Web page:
I wrote about them in October (please click on the “Valera” tag at the bottom of this post).
But here’s what I want to say–friends, thank you for responding! Huge thanks for helping this young man!
I share all your outrage at THAT woman. And thank you for replying with words and deeds.
One young man sent money for clothing “so that he can choose it himself”.
So we chose it together.
Look at how happy he looks on his “sweetshot” )))


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Karina

Karina will turn two in a month. She is alive and growing only because she gets an injection of Cerebrocurine every two months which the family can barely afford. It’s a crisis every time it’s the turn to buy more ampules. But the big problem is not even the money, but rather that it’s hard to get the drug in LPR.
Zhenya said that Ira, the girl’s mom, is “out of her mind”.
When she was one month old, she was diagnosed with a internal hematoma in a location which ruled out trauma. She had a surgery, there were complications, followed by meningoencephalitis. Now there is a liquid where the hematoma used to be, which cannot be removed. She needs the injections to live.

Ira and Karina


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For Diabetics

The three kids on the photos below are Roma, Anya, and Katya, all from Lugansk. They have been just diagnosed with diabetes. The girls found out about it in emergency rooms. How is a parent to know what’s happening? The child simply appears weak, listless. That could be caused by a thousand things, including stress which is a normal thing OVER THERE. Many LPR kids have lived through bombings, slept in cellars and heard shells strike neighboring homes many times. And then the kid suddenly loses consciousness, falls into a coma.
The newly discovered diabetics are a post-war scourge. Their number is growing, unfortunately.
Friends, as you know, we try to help diabetics in the Republics. Insulin is being issued regularly, so far there are no problems with it, thank God. But as I already said many times, it’s hard to get test strips. It’s not even about getting them at the pharmacies. They can be purchased. The problem is that they cost a lot. And they are not issued for free, like insulin. Average LPR salary is about 5,000 rubles. A single test strip pack is 1,300 rubles, and one needs an average of two packs per month.

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Helping the Surgery Ward

Friends, I want to thank everyone who, in spite of the holiday chaos, continues to participate in our Donbass aid effort.
Thanks to you, were were able and are able to do a lot to help this region.
It may sound immodest, but my little-known blog sometimes does more than many well-known foundations, people, and even organizations. I’m genuinely proud of myself, my team, and us all! Because the volume of what we’ve done is impressive.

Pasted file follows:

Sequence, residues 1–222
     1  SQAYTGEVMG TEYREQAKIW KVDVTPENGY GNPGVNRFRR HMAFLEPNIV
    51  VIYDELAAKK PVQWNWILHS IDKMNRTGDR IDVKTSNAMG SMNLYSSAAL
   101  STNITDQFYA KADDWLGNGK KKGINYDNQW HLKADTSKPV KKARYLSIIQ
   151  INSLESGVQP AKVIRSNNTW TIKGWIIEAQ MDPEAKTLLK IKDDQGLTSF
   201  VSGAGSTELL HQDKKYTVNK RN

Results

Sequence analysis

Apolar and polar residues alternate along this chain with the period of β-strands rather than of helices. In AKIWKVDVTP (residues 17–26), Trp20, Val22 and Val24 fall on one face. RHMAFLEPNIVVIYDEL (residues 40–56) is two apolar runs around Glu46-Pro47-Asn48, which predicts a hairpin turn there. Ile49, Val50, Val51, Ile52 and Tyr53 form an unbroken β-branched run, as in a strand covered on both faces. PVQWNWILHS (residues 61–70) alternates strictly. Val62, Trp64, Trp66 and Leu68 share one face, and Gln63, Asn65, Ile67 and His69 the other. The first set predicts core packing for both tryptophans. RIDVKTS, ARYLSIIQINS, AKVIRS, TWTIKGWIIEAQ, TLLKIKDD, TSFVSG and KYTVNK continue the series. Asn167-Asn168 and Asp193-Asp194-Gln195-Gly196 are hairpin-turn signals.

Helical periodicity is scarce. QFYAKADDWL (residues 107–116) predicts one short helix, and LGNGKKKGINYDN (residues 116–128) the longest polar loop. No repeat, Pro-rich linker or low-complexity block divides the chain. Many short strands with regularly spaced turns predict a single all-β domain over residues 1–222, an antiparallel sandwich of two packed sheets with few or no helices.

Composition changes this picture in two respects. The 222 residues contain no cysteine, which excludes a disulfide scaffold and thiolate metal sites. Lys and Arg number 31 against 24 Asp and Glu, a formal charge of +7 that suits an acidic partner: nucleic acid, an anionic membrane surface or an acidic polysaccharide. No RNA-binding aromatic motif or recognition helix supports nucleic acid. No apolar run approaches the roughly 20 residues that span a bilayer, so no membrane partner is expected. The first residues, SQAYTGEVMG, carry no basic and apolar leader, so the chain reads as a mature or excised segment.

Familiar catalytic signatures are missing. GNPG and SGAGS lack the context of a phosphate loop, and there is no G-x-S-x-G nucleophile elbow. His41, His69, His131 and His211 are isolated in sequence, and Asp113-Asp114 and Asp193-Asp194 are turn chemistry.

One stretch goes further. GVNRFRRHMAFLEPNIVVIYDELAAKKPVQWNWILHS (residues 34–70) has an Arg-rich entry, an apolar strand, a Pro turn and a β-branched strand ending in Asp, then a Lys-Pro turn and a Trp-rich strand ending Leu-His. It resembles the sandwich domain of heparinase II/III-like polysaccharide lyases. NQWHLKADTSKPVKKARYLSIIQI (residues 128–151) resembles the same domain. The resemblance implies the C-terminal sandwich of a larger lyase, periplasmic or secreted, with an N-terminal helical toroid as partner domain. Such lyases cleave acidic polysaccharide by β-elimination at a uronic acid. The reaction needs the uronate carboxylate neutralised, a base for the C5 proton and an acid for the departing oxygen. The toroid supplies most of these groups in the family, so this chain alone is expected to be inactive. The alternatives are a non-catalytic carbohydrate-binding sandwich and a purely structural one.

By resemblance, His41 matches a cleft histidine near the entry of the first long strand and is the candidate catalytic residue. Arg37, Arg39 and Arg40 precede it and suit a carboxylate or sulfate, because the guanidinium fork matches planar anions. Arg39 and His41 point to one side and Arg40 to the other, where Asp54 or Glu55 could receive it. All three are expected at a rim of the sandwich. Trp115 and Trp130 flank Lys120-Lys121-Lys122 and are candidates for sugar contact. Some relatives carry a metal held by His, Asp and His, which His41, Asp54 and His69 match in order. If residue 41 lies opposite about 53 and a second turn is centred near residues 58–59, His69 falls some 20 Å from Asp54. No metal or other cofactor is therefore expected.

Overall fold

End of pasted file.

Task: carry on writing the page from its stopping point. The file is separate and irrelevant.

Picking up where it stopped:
Thank you for your caring!
In addition to helping specific families who found themselves in dire straits, we help hospices, retirement homes, orphanages, and hospitals.

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“Stresses”

You remember Natasha, right? A crazy and terrifying story.
A young woman, mother of two, epileptic. Lost her husband and home to the war. Due to “stresses” (heavens, what word can one use to describe “war”, the death of a husband, the loss of a home to shelling?) she developed a tumor on her head. She had a surgery and a plate inserted. We’ve been helping her since the summer.
Here’s how where things stand right now.

I’ll cite Zhenya, since he and others have been doing everything:
“After a visit to neuropathologist, at the regional clinic (if you want this “hero’s” name, it’s in the medical history extract). He prescribed a “wonder drug” which is “guaranteed to help.” Though he forgot or ignored her earlier prescriptions for epilepsy. We drove around the town, found the “wonder drug”. And…Natasha’s life was barely saved. Blood and foam came from her mouth. She couldn’t inhale. They barely managed to pump her stomach out. It turns out that when that “doctor’s” prescription is combined with her other drugs, it becomes poison. She was very lucky to get stomach pumped in time.
People! HOW”S THAT POSSIBLE? You have this far from young “experienced” asshole prescribing a powerful drug with a long list of side effects who cannot be bothered to find out what else is the patient taking?”
No comment from me. We were all in shock.

Thank goodness our friends found a normal doctor in Lugansk who helped after a thorough examination.
One of the source of problems with Natasha’s head turned out to be her teeth. She started losing them after the war started. She has a bunch of rotten stumps which get infected all the time.

Here’s what Zhenya wrote:
“Here’s what we did:
1. Took her to a hospital, 10 days in neurology. An IV for epilepsy and spine pain, immobilized her neck. Promised it should be enough for a year.
2. Organized an examination at the cancer clinic (lump on the head). Came back negative–HURRAH!
3 Organized an exam at the oral surgeon and a neuropathologist.
4. Underwent all the analyses, some of which had to be paid for.
5. A complete jaw x-ray.
6. Began to remove tooth roots (Poor Natasha is suffering, eats mashed food only).
7. Brought food twice in the last month (see photo).
8. Provided necessary drugs.

Enormous volume of work. We were particularly afraid of what the cancer clinic would say.
Thank goodness tests came back negative.